Basel III regulations will lead to a increase in the cost of capital
Borrowers in the GCC are facing a sharp rise in the cost of credit in the coming years, one of the region’s leading economists has warned.
Speaking to MEED, the chief economist at Saudi Arabia’s Banque Saudi Fransi, John Sfakianakis, warns that the tightening of liquidity in response to the more stringent capital ratios banks are required to have under the new Basel III regulations will drive up the cost of capital to corporate and retail borrowers in the Gulf.
Global regulators agreed on 12 September to introduce sweeping reforms to the rules governing financial institutions that requires banks to more than triple their Tier 1 capital ratios by 2019.
“Banks will have to pass on some of the added costs to the end users and therefore the cost of capital will increase and spreads will widen,” says Sfakianakis. “The economic costs will be felt most by the consumer and corporates, especially in the UAE, where liquidity is still quite tight.”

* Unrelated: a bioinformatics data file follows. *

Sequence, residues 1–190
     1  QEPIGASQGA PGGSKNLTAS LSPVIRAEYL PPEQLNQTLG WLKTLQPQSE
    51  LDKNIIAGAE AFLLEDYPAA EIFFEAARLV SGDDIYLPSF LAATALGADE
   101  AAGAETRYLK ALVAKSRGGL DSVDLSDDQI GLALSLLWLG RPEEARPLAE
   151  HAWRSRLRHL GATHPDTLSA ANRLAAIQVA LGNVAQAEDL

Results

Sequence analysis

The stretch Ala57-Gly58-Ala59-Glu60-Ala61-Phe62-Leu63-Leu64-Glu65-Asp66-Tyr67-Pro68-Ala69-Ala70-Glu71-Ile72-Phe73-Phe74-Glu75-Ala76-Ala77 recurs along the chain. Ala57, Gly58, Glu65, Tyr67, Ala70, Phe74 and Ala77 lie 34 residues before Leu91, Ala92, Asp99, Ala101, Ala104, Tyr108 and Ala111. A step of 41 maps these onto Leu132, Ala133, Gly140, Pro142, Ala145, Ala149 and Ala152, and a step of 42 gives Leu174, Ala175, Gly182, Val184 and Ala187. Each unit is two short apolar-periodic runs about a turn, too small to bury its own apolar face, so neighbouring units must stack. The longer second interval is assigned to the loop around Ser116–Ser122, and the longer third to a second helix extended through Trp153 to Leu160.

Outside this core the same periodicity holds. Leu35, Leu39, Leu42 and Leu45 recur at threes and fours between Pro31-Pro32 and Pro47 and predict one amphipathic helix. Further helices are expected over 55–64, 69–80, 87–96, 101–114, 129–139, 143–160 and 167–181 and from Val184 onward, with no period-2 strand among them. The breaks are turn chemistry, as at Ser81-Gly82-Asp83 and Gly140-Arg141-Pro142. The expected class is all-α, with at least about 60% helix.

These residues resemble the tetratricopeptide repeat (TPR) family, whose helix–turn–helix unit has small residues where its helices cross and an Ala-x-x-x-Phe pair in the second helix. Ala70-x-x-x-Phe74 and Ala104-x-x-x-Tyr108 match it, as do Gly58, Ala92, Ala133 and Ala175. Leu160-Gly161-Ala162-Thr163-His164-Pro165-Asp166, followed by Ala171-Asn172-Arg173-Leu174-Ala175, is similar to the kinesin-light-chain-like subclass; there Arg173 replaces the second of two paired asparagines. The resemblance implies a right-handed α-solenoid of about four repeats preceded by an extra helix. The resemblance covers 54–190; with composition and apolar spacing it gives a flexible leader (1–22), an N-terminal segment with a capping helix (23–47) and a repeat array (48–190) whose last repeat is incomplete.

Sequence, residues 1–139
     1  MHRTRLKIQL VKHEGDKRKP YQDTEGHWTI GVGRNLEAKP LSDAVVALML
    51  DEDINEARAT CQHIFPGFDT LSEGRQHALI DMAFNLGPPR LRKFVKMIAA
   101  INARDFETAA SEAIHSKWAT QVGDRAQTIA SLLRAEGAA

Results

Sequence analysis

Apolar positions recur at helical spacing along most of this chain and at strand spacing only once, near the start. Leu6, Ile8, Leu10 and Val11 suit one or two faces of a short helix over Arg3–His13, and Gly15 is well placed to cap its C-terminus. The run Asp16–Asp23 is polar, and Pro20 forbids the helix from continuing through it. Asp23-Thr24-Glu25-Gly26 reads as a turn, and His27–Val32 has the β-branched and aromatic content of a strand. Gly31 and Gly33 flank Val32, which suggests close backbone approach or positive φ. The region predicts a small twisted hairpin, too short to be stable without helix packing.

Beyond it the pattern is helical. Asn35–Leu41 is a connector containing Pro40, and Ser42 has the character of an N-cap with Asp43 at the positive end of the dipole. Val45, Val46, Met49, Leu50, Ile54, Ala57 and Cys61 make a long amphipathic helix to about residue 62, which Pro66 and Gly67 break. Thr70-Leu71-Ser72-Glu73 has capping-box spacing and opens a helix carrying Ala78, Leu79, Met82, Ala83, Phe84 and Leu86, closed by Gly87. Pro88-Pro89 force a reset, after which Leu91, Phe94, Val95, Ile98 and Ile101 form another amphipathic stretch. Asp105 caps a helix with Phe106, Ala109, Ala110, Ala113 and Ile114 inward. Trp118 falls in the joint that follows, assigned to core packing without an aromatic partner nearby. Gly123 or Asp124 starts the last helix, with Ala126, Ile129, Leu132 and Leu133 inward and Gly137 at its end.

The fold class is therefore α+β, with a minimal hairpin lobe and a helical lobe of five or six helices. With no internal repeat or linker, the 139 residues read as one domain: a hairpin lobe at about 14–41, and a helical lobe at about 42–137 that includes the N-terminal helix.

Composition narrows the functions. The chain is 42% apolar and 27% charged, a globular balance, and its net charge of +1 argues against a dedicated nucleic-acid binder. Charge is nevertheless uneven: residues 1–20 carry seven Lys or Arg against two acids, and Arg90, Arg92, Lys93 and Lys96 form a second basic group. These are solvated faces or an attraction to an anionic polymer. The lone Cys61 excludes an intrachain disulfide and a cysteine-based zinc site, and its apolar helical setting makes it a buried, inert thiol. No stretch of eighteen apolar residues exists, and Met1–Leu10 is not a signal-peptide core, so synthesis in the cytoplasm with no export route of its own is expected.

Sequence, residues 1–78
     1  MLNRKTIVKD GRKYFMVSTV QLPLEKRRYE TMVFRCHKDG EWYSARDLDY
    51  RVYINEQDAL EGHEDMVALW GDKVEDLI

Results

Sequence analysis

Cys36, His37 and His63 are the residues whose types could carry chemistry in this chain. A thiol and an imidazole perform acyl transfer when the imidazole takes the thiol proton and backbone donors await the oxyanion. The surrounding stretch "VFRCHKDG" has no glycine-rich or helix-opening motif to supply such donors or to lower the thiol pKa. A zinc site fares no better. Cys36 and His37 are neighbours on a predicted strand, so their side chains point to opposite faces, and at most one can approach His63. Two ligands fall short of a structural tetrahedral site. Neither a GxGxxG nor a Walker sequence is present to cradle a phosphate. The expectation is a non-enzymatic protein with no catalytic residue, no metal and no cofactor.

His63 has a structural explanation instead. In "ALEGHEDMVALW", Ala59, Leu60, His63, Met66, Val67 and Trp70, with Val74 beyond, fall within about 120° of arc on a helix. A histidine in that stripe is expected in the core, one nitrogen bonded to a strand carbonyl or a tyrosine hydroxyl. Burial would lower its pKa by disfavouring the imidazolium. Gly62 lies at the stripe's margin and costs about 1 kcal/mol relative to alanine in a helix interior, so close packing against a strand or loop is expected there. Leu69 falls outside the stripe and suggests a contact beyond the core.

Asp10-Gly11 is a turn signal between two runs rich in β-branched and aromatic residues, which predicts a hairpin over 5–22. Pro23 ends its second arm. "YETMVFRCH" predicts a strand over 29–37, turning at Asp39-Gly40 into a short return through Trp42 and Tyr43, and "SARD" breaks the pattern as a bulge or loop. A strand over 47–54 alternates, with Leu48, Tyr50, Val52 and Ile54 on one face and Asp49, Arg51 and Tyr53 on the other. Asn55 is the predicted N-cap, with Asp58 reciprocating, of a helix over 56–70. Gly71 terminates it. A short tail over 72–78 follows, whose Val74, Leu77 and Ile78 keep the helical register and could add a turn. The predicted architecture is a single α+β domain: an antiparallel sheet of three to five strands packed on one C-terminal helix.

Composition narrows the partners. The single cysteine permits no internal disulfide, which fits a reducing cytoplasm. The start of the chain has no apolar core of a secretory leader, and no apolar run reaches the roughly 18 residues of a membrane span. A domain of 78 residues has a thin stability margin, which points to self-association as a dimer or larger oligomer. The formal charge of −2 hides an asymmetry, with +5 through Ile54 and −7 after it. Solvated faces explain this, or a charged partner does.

Tier 1 or “high-quality” capital consists of equity or retained earnings. Starting 2013, banks will need a Tier 1 ratio of at least 3.5 per cent, up from the current 2 per cent. The requirements get tougher each year until 2019 when the ratio will be raised to 7 per cent.
These regulations are aimed at ensuring banks hold sufficient capital to withstand shocks in order to avoid a repeat of banks having to bail out undercapitalised lenders during an economic slowdown.
However, reduced lending to corporates and consumers will inevitably feed through into the broader economy, affecting its rate of recovery.
“Revival of bank credit will be a key determinant of economic recovery,” says a regional economist. “If banks are having to rein in lending in order to raise extra capital, then of course this will have a knock-on effect on the economy.”
Basel III is expected to have the least impact on Saudi banks, which have the highest capital adequacy ratios today in the Gulf region, with an average loan-to-deposit (LDR) of 81 per cent.
“Sama has often been criticised by other regulators for demanding high buffer ratios and low rates of leverage, but this conservatism has clearly paid off,” says Sfakianakis.
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